Net zero targets
We evaluate the net zero target as: Acceptable.
Chile announced its net zero target for 2050 as proposed legislation in the Framework Law on Climate Change in 2020 (President of Chile, 2020) and include it in the updated NDC submitted to the UNFCCC in the same year (Government of Chile, 2020). The law currently remains under discussion in the National Congress as of June 2021. Once accepted, the law will enshrine Chile’s net zero target into law.
The currently proposed net zero target covers most key elements. Chile’s target covers all sectors and gases, communicates strategic goals and emissions targets per sector, and provides a detailed methodological framework. Notably, Chile underpins these sector-specific ambitions with detailed emissions pathway analysis. While Chile does not actively outline any plans reply on reductions and removals outside its borders, future iteration of its NDC could explicitly rule out international credits.
Chile could further improve its net zero target by considering good practice standards for a few elements. Chile provides no information on its intention to establish a periodic reviewing cycle of measures and interim targets, and it remains unclear whether a legally binding review cycle exists. In addition, Chile could further include international aviation and shipping in their target’s scope, and explicitly elaborate on fairness considerations.
Ten key elements
- Target year – Chile aims to reach net zero by 2050.
- Emissions coverage – The target covers all GHG emissions (i.e., the 7 Kyoto gases: CO2, CH4, N2O, HFCs, PFCs, SF6, NF3) and all sectors of the economy (excluding international bunkers).
- International aviation and shipping – Chile provides no information on its intention to cover international aviation and shipping.
- Reductions or removals outside of own borders – Chile plans to reach net zero through domestic actions and will not use removals outside its borders. Neither Chile’s NDC nor its underlying pathways towards 2050 consider any reductions and removals outside of Chile’s territory (Government of Chile, 2020; Ministerio de Energia, 2020).
- Legal status – President Sebastian Piñera first announced Chile’s net zero target in June 2019. In early 2020, Chile’s President proposed a Framework Law on Climate Change (Ley Marco de Cambio Climatico) partly aiming to make the net zero target legally binding. The law currently remains under discussion in the National Congress as of June 2021. Chile reiterated its net zero target as part of its updated NDC submitted to the UNFCCC in April 2020 (Government of Chile, 2020). Chile has not yet submitted an LTS to the UNFCCC as of June 2021.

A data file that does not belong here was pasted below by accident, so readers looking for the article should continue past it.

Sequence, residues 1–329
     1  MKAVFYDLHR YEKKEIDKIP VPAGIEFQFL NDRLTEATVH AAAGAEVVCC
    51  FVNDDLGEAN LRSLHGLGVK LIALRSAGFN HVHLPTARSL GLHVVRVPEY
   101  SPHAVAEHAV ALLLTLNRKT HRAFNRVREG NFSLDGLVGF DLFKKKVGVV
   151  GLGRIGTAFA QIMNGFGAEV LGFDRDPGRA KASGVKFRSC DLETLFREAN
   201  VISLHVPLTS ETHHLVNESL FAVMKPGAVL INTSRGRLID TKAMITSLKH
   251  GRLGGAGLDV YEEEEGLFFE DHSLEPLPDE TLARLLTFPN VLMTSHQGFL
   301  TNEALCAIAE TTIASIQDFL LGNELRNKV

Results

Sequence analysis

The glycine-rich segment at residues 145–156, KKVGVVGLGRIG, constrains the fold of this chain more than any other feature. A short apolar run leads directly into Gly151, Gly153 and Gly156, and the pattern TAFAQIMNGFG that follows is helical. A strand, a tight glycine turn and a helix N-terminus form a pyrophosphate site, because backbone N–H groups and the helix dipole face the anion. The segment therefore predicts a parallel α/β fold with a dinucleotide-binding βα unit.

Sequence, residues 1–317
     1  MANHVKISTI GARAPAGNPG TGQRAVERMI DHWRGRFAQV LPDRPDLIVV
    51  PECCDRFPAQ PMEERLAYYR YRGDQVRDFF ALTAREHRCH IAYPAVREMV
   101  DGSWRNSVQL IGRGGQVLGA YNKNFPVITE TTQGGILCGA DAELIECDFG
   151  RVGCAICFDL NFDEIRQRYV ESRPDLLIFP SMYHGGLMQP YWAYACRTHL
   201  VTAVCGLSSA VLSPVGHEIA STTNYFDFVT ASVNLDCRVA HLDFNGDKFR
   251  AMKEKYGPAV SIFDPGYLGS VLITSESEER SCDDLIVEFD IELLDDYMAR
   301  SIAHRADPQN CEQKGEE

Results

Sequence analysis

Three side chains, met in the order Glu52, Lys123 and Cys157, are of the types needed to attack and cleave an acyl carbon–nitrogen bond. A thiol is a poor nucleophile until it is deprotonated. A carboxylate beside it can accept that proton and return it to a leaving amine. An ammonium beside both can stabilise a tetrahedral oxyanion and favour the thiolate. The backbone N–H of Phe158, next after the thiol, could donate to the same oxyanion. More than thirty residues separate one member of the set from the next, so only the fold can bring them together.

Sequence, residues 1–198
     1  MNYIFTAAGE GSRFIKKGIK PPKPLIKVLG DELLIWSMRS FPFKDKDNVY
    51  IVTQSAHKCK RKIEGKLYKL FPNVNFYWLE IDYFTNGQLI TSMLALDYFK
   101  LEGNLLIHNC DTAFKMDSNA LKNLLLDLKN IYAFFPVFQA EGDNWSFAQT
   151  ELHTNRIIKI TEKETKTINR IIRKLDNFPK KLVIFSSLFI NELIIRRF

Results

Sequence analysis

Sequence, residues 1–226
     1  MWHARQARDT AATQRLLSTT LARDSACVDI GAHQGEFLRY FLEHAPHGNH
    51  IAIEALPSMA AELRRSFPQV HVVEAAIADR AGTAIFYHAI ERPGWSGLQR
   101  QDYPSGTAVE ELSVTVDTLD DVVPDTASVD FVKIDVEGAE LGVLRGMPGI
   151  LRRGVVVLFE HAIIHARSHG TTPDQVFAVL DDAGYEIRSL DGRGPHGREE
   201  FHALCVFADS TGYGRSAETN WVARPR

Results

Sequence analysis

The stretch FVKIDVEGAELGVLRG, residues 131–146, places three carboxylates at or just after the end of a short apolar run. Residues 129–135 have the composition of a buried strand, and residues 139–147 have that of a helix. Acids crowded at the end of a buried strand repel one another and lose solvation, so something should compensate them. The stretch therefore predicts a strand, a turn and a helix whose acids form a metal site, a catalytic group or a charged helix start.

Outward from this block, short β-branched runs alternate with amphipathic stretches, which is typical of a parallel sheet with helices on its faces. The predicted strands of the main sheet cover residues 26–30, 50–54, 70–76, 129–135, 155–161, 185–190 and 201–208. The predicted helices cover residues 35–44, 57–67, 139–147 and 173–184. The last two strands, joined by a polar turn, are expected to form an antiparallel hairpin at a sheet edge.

- Separate reduction & removal targets – Chile provides separate emission reduction and removal targets by specifying the contribution of LULUCF in 2030 and 2050.
- Review process – Chile currently provides no information on its intention to establish a review cycle for its net zero and intermediate targets.
- Carbon dioxide removal – Chile provides transparent pathways for domestic LULUCF towards 2050 (Ministerio de Energia, 2020) and assumes no technical carbon removals and storage in the timeframe towards 2050.
- Comprehensive planning – Chile provides intermediate carbon budgets as well as sector specific targets in their NDC. The NDC provides several carbon neutrality scenarios per sector and highlights the necessary measures, such as 58% electric private and commercial vehicles by 2050, renewable energies replacing thermal power stations, and public and commercial electric heating. The strategy also establishes an emissions peak no later than 2025 and sets a maximum for cumulative emissions from 2020-2030 (Government of Chile, 2020). The NDC further defines clear visions for 2030 and 2050 and Chile provides detailed pathway analyses (Ministerio de Energia, 2020).
- Clarity on fairness of target – Chile makes no reference to fairness or equity in the context of its net zero target.
The Climate Action Tracker has defined the following good practice for all ten key elements of net zero targets. Countries can refer to this good practice to design or enhance their net zero targets.